Environmentalists and utility officials are still hustling to reach an agreement this year on legislation that caps greenhouse gas emissions, despite widespread speculation that Senate Democrats cannot muster the votes for a climate bill this session.
A working group consisting of utility companies and advocates of pricing carbon continues to negotiate behind the scenes on principles of "key elements" that would be part of a climate bill that caps emissions from only the electric power sector, according to a source familiar with the discussions.
The three-page discussion draft is dated July 23 -- the day after Senate Majority Leader Harry Reid (D-Nev.) announced plans to drop emission limits from the energy bill he plans to bring to the floor this week, saying those provisions fell short of the 60 votes needed.
The draft closely mirrors a July 19 draft memo obtained by The Hill from the working group that includes Duke Energy Corp., Exelon Corp., the Natural Resources Defense Council, the Environmental Defense Fund and the Pew Center on Global Climate Change. Both drafts outline agreements on the schedule, distribution of emissions allowances, cost controls and offsets (E&E Daily, July 23).
The most recent draft, however, includes another section that would offer additional financial incentives -- beyond the price of allowances and the gradual phase out of allocations -- if owners of existing coal plants retire them before 2020 or replace or retrofit them with other resources that qualify.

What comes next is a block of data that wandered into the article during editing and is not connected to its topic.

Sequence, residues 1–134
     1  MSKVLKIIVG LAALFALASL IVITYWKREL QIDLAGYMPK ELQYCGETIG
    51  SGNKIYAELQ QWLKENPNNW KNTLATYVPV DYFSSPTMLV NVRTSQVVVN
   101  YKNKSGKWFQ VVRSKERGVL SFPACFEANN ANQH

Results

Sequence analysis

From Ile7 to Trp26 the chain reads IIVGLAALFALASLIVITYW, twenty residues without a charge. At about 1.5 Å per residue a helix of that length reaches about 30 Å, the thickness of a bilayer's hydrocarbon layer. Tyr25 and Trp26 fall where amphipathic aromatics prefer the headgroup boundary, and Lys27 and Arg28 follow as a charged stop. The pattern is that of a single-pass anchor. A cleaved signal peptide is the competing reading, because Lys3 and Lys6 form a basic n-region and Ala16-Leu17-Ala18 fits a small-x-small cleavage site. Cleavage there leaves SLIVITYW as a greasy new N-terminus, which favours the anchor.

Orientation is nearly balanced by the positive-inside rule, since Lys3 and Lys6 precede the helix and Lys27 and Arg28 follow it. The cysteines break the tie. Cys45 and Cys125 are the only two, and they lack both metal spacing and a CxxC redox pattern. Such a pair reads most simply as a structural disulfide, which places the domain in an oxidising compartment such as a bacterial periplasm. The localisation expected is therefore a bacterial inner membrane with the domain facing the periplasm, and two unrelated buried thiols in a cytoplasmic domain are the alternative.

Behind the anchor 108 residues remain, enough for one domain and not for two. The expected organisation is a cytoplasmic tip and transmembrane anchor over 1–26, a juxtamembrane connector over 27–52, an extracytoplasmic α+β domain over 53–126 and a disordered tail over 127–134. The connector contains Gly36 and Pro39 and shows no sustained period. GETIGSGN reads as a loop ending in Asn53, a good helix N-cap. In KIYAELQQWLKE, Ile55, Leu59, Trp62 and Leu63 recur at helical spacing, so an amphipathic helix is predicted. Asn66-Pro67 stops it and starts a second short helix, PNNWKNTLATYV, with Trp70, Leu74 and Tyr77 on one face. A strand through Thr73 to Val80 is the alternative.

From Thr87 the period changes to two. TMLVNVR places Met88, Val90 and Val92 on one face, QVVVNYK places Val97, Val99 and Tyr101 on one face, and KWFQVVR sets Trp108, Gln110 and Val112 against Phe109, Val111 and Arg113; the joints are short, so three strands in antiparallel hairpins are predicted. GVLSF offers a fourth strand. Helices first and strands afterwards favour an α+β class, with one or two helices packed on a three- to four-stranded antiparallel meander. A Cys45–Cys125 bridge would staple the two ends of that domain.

Representatives from groups involved in the talks declined to comment on the negotiations over the utility-only measure. But the draft signals that advocates are holding out hope the Senate could pass a bill pricing carbon this year if utilities and environmentalists can strike a deal.
Sen. John Kerry (D-Mass.), the Democrats' top climate negotiator, has said he still hopes to win the support of industry and Republicans for a bill pricing carbon this year. He has suggested that a lame-duck debate was possible after the November election.
"Harry Reid, today, has committed to giving us that opportunity, that open door, if you will, over the next days, weeks, months, whatever it takes, to find those 60 votes," Kerry said last week. "So the work will continue every single day."
Lawmakers are still hoping to win the backing of the Edison Electric Institute, the utility industry's leading trade group, whose support is seen as critical to passing a utility-only emissions cap.
Brian Wolff, a senior vice president with EEI, said Friday that election-year politics on both sides might make it difficult to pass a bill this fall but said his group is still willing to talk. "If they said, 'Look, we want everybody back to the table,' we would certainly be there in a heartbeat," Wolff said.
Click here to read the utility-only discussion draft.
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